Upper and Lower Mission lakes are two great bodies of water around Merrifield in central Minnesota. The lakes both receive a fair amount of fishing pressure but nothing like the larger, more popular lakes located nearby. As far as pike are concerned, Lower Mission Lake is an average lake with plenty of smaller pike. Upper Mission is a much better choice for serious pike anglers. Each lake has a separate landing with the Upper Lake landing found off County Road 109.
On the upper lake, the DNR fisheries staff found a ton of northern pike ranging from 19 to 38 inches with a 26-inch average. Three fish were longer than 3 feet, but overall there was a very good distribution of pike. Upper Mission is a good lake for numbers and there's a very decent shot at catching a trophy pushing that 40-inch mark.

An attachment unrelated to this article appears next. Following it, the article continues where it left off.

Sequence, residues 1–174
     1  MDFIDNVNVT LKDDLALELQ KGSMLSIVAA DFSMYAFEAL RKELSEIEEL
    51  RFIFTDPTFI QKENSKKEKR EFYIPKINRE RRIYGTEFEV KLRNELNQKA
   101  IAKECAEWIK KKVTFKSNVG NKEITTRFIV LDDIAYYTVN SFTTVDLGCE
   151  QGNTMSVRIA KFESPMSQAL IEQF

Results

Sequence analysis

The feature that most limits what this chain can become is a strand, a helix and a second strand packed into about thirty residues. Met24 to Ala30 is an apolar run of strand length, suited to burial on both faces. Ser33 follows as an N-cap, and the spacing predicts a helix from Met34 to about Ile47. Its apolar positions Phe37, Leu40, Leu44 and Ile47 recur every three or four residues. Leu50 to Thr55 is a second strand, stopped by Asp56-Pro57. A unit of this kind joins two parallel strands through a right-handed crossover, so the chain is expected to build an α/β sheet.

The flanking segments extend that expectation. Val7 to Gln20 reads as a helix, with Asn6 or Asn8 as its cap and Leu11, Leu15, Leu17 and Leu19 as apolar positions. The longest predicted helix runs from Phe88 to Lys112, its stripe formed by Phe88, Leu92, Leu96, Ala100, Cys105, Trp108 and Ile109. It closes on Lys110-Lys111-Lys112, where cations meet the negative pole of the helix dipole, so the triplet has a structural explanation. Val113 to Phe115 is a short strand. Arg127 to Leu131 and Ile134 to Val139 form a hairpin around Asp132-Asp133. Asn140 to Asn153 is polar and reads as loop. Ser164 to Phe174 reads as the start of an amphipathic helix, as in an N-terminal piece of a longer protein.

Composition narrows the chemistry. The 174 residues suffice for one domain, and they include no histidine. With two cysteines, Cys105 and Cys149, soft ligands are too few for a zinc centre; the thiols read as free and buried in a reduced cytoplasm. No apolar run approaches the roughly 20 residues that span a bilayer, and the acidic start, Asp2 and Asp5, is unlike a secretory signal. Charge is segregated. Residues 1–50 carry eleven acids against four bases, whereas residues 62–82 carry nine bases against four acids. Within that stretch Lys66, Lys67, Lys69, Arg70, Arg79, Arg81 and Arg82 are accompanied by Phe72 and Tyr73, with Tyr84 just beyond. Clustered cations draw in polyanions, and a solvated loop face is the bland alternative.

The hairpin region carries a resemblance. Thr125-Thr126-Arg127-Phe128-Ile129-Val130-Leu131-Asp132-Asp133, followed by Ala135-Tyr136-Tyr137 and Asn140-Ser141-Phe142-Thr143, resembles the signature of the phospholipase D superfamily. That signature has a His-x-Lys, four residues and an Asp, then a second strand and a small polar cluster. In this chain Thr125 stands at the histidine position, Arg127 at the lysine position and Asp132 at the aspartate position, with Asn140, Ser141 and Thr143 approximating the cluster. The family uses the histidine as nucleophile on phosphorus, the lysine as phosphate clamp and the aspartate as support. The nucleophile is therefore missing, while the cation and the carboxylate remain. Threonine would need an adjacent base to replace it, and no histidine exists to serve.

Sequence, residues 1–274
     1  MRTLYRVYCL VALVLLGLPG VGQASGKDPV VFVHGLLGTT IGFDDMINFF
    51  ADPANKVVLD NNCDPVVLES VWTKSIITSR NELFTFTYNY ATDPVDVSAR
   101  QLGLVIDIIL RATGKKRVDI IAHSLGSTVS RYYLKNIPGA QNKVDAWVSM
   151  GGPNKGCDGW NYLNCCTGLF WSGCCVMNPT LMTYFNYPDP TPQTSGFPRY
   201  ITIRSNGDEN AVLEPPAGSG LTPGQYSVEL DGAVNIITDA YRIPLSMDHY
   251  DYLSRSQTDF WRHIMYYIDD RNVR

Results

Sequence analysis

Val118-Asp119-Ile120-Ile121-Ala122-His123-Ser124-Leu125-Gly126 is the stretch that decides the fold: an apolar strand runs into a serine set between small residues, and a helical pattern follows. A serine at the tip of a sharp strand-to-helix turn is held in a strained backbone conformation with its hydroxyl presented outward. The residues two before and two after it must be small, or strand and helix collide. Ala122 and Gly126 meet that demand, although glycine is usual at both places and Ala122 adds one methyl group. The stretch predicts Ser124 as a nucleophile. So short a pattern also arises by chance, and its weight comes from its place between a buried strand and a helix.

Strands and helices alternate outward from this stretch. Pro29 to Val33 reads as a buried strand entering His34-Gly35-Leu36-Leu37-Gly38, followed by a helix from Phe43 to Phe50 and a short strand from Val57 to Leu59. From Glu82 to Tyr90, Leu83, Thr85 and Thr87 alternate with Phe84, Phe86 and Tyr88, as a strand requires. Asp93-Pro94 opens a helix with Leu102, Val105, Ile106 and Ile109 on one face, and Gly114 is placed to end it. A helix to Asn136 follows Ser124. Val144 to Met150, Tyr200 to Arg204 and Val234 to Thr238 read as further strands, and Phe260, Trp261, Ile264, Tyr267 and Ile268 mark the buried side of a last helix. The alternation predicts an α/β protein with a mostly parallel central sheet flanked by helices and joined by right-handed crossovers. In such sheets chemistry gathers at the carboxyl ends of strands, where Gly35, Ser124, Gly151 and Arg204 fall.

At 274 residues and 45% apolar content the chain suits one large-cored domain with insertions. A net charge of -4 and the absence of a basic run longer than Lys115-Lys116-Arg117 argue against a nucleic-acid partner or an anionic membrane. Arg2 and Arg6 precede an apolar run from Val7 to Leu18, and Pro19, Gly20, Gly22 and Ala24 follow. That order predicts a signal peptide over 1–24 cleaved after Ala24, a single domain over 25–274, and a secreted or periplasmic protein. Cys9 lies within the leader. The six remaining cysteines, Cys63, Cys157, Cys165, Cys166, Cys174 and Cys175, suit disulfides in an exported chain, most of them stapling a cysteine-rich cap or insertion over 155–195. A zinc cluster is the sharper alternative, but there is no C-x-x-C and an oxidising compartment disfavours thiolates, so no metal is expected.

There really aren't any secrets for finding pike on either lake other than cruise the weedlines with some of the same tactics mentioned for other lakes. Don't be afraid to use electronics over the middle portion of the lakes to look for schools of baitfish and roaming pike. Often if you find these away from the weedlines, the baitfish schools are big and the pike lurking behind are the largest in the lake.
For more informatio
n, go online to www.explorebrainerdlakes.com or call (800) 450-2838.
OTTER TAIL LAKE
Otter Tail County
It's really no secret that a good fishing lake is often home to a variety of game species. Most lakes that offer good walleye fishing also offer good pike fishing. That fact holds very true on Otter Tail Lake, which is a tremendous walleye fishery and a strong pike fishery.